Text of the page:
'I was angry' - Ex-Hearts starlet Anthony McDonald on Craig Levein loan decision and praise for Daniel Stendel

Anthony Mcdonald is in Spain after leaving Hearts. Picture: SNSAnthony Mcdonald is in Spain after leaving Hearts. Picture: SNS
Anthony Mcdonald is in Spain after leaving Hearts. Picture: SNS
Former Hearts starlet Anthony McDonald admitted he was “angry” at Craig Levein’s decision to loan him to Dunfermline Athletic last season.

The 19-year-old left Tynecastle this past summer to join Spanish side Cordoba in a “fresh start” after a difficult final season in Gorgie.

McDonald thought he was primed to be a part of the first-team last campaign after impressing in the Betfred Cup, including netting his only goal for the club in a win over Cowdenbeath.

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However, Levein, who recognised the creative talents of the midfielder felt he needed to improve on his “defensive duties”, opted to lend him to the Pars.

“I scored in the League Cup and I was doing well,” McDonald told the Scots Abroad podcast. “I was angry he wanted me out on loan.

"I was ready to play. I was scoring nigh on every game for the reserves, playing well, I had a run of games. That was probably the best I’ve felt in the past few years playing football because I was training at a good level, I was performing well.

"Obviously I picked up the injury before I went to Dunfermline but I was really disappointed when he said to me I was going out on loan.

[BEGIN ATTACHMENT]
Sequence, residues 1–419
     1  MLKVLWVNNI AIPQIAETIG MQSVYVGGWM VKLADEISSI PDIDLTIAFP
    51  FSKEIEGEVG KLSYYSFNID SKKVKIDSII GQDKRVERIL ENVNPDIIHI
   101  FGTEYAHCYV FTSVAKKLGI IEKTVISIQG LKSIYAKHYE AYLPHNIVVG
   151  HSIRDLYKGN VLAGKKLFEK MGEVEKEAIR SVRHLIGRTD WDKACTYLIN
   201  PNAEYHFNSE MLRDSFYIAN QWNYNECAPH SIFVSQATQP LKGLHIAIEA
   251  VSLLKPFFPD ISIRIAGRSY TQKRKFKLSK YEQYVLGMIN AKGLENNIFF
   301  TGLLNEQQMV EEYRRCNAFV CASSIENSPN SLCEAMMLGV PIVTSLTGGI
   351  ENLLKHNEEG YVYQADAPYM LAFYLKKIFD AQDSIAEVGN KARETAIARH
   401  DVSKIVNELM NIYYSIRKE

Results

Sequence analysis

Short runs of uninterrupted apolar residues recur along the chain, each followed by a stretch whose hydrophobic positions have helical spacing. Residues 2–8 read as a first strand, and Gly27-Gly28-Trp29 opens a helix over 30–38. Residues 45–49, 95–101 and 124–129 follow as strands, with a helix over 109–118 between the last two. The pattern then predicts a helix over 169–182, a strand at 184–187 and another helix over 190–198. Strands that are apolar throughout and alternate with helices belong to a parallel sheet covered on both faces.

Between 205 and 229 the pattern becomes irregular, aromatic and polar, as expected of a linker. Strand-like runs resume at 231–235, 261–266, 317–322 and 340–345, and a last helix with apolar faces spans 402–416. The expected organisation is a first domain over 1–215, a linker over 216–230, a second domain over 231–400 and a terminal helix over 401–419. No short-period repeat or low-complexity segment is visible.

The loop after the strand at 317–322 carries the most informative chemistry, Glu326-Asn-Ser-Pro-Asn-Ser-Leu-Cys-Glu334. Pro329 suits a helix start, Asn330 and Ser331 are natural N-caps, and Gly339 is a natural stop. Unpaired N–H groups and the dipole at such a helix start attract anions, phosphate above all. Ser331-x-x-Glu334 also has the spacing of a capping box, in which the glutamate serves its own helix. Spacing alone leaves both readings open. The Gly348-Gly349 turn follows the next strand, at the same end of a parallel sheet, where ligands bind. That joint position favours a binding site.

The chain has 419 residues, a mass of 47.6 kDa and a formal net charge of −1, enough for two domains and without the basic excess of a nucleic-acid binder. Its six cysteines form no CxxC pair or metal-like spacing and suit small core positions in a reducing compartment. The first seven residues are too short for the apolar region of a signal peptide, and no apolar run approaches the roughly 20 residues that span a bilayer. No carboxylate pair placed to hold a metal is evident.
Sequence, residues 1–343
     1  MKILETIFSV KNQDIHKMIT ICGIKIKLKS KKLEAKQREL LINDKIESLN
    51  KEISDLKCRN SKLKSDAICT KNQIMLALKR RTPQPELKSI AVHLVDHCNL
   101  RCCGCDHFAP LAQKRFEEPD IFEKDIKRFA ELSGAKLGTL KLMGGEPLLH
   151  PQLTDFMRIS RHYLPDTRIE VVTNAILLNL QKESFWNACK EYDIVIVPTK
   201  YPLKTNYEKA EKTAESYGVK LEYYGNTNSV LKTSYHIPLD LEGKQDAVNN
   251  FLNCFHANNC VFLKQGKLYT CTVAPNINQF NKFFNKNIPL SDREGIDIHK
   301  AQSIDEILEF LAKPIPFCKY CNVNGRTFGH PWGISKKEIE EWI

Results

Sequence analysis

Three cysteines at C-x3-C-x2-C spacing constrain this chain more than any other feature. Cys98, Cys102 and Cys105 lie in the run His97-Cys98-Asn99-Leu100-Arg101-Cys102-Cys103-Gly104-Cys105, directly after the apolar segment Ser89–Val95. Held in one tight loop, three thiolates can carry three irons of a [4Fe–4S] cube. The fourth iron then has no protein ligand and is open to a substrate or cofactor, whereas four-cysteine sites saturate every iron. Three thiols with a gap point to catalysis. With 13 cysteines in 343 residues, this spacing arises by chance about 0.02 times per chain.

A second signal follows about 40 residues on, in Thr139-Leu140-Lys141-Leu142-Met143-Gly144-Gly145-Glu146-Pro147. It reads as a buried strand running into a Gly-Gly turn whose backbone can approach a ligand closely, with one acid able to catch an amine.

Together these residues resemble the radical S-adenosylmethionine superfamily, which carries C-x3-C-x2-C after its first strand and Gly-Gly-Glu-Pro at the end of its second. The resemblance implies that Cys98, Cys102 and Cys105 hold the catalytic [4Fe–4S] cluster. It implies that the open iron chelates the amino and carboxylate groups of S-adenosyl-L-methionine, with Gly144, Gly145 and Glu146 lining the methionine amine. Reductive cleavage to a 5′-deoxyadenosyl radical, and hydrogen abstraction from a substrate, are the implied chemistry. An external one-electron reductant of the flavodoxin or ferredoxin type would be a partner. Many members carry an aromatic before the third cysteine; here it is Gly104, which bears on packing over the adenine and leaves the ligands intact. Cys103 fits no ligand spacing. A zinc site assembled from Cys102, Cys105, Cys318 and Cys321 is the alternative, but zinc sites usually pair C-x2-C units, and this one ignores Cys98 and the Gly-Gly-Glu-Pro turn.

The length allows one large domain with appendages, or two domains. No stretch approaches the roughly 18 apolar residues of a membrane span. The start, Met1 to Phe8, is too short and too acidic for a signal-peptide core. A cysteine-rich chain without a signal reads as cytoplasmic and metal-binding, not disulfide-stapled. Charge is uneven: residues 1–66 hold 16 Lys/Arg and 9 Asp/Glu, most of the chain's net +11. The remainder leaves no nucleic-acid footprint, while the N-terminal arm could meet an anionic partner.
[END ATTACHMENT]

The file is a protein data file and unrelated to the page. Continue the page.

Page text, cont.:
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"I’m young and you can say it was greedy but I don’t think it was greedy, I thought I was ready to play, ready to compete for a place in the team. I’m not saying that I was wanting to start every week but I think I was ready to compete for a place in the team.”

McDonald, who is yet to play for his new side due to a back injury, played just twice for Dunfermline before being recalled by Daniel Stendel.

Despite just two sub appearances under the German, the player took a liking to the former Tynecastle boss.

With Stendel everything was a hundred miles an hour,” McDonald said. “Everything was pressure, running, pressure, pressure. If you can get it right, unreal.

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"Maybe the language barrier, it was sometimes a little bit difficult for him to get his points across but you could tell he was a very, very good coach.

“I liked him. He spoke to me fairly regularly, said to me what he wanted from me. He was very good, mad but good.”